Partisan news websites tend to attract similarly partisan audiences, according to a report released today by comScore (as reported by Poynter). Selective exposure is nothing new. However, one website in the study aims for the middle of the ideological continuum and hits it, with great traffic to boot.

The audience sample for Politico in February was 29% Democrat, 29% Republican, and 42% independent. The share of minutes spent on the site overwhelmingly belonged to independents (66%), while Democrats and Republicans again were evenly split (17% each).

The other sites in the study – a selection of left and right-leaning sources – failed to match Politico’s balance, and in most cases, its traffic.

The ones that did attract more visitors were two ideologically opposed news aggregators – The Huffington Post (the study measured only it’s Politics page) and Drudge Report – sites with a long lineage of selective linking to other people’s work. HuffPo produces at least some original content (they even nabbed a Pulitzer last month), but the vast majority of their work remains rewrites and reposts. Even moreso for Drudge.

The study is interesting because claiming the middle has recently been viewed as a losing fight. As American politics continue through a phase of increased division, partisan news organizations have seen the gains, while traditional institutions have seen audience share wilt away. When Fox News and its conservative slant captured a mammoth market share, MSNBC responded by acting as a liberal counterweight. CNN, on the other hand, determined that more success would be found in presenting a balanced look at the day’s events. CNN was dead wrong, and has gone from a close second to a distant third.

So it’s nice to see Politico performing well, particularly in the partisan pig slop that is the Internet. Perhaps it is a small sign that the tide is turning back to a desire for information over self-satisfying infotainment.

If we stop hyperventilating for a moment, Obama/Boehner speech compromise works well for both

Ah, 24-hour news cycle, how you long for conflict. As we headed into Labor Day weekend, the politicos in Washington became enamored with “Speech-gate” – a supposedly heated back and forth between President Barack Obama and Speaker of the House John Boehner after Obama requested to speak before a joint session of Congress on Wednesday night. The problem was that the Republican Party had already scheduled a presidential debate for that evening, and Boehner added concern that the security measures needed to welcome a president to Capitol Hill were too lengthy to be completed in a small window between the end of scheduled business and the president’s address.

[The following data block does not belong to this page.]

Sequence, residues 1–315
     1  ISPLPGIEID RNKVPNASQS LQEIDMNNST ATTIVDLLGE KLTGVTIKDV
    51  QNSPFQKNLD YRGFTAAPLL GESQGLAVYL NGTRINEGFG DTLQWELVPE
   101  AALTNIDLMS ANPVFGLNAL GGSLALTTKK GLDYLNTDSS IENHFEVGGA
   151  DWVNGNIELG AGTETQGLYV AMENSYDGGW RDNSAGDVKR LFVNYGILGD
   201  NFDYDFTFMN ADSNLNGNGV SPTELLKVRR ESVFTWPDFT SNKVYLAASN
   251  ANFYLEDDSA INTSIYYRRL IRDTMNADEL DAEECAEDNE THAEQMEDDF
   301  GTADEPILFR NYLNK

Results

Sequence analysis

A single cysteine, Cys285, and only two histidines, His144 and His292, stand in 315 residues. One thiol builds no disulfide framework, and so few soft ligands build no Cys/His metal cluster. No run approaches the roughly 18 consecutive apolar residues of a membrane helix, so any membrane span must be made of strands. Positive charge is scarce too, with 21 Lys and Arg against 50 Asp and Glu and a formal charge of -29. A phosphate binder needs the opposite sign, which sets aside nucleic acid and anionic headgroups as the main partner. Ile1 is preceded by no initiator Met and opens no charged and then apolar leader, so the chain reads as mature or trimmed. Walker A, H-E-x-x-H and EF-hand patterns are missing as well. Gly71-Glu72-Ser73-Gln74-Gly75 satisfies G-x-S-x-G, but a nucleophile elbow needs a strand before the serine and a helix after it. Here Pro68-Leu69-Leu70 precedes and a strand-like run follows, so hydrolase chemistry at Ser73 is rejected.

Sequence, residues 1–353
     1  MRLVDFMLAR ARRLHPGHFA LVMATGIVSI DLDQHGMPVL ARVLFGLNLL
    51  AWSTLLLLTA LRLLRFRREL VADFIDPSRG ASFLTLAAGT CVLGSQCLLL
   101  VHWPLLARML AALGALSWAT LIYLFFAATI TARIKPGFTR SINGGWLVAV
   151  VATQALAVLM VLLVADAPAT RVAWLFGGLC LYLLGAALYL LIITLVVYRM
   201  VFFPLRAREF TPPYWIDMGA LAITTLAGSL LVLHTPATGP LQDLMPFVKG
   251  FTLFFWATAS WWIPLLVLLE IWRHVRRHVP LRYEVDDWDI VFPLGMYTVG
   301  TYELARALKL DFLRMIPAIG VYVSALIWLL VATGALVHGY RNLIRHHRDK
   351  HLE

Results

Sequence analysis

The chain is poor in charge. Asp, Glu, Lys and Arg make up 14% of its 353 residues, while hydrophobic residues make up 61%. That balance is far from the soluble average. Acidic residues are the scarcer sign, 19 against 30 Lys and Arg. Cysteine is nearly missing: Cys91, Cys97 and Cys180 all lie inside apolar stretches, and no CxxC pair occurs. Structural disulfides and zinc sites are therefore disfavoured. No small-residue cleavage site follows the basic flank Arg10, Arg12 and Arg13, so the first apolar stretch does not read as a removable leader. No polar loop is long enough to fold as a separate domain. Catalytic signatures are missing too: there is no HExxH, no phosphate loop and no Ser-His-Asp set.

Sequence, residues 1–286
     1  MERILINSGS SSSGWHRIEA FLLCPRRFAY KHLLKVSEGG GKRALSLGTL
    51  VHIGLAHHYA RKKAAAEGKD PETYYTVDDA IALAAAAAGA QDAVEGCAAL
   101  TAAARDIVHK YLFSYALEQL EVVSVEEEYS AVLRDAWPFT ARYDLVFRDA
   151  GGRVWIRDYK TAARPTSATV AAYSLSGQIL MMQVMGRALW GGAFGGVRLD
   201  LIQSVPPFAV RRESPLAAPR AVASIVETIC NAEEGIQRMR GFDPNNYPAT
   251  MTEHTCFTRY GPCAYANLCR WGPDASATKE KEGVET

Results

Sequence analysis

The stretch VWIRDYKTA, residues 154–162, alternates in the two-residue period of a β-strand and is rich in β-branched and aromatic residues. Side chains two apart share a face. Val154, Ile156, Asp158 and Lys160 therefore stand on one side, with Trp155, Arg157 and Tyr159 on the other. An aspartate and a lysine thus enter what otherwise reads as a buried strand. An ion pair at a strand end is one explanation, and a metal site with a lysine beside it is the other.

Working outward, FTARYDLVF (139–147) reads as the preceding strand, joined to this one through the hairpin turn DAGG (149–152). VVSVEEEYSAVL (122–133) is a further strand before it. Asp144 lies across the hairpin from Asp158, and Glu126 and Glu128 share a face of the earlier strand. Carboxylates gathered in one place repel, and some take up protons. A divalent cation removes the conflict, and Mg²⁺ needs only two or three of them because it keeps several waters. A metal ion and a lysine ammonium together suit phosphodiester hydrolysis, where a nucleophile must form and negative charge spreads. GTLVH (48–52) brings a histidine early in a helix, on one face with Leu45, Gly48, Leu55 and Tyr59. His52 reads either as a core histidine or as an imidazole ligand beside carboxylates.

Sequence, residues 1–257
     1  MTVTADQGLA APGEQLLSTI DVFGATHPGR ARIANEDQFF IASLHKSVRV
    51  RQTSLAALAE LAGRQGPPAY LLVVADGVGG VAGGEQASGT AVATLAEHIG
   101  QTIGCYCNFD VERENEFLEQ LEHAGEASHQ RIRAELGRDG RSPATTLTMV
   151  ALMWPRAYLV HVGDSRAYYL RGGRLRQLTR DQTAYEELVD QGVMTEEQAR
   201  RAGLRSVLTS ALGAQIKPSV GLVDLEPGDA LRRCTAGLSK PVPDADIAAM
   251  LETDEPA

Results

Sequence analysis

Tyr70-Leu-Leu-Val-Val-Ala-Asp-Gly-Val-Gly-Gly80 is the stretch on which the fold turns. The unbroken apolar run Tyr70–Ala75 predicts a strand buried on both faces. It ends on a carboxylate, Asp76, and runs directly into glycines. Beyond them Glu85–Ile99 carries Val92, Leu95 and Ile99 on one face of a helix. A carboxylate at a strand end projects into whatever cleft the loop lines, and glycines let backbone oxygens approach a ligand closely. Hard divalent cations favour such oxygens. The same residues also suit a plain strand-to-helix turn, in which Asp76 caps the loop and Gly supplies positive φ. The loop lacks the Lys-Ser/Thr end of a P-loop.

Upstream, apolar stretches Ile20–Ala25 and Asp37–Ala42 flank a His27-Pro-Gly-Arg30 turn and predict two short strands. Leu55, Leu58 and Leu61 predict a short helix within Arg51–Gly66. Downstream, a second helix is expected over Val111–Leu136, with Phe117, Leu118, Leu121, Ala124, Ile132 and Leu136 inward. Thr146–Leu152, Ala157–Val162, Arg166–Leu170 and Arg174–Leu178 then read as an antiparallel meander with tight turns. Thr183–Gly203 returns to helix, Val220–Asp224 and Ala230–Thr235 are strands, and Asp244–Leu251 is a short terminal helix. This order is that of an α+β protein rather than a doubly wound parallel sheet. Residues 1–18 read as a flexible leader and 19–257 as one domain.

The cable news anchors salivated. Another epic battle between Democrat and Republican, President and Speaker! And then the fireworks really began…

The next day, Obama’s press secretary, Jay Carney, announced that the president would move his speech to Thursday night.

And everyone was cool with that.

Really.

Except that wasn’t the narrative the media were hoping for. So, the pontificates began pontificating. Karl Rove, in an op-ed for the Wall Street Journal, wrote of the president’s “humiliation” in having to move the speech. CNN contributor LZ Granderson blamed Boehner and the Right for “stop[ing] at nothing to discredit [Obama]. To embarrass him. To destroy him.” It goes on…

Never mind that Boehner and the Republicans have declined the now-customary official response following the president’s speech. Never mind that Obama almost immediately rescheduled the speech that was so surely intended to sabotage a GOP debate being held 15 months before the 2012 election. The narrative had to stand. Obama was weak. Boehner was pushy. The war rages on, if only on our television sets.

I feel like I’m the only person on Earth who thinks this worked out pretty darn well for the president. He respected the wishes of his political adversaries, and in doing so, positioned his speech before what will be the most watched television event of the week, if not the month. Instead of playing opening act to America’s Got Talent on Wednesday, the president will be the lead-in to the kickoff of the NFL season. Instead of giving way to juggling pole dancers and ventriloquists, Obama sets the stage for the return of the most popular sport in America.

Which one do you think is going to garner more incidental eyes?

NBC has shuffled its pregame schedule to make room for the address, moving musical performances and other festivities to USA, Syfy, and other channels in the NBCUniversal stable. Meanwhile, the president gets to talk about jobs, and then, being the sports-fan-in-chief he is, probably conclude with some well-rehearsed line about his Chicago Bears and how we all can’t wait to see some football.

The Republicans get their debate stage. The president gets a better television spot for his address than he had before. Everybody wins. Why can’t we just leave it at that?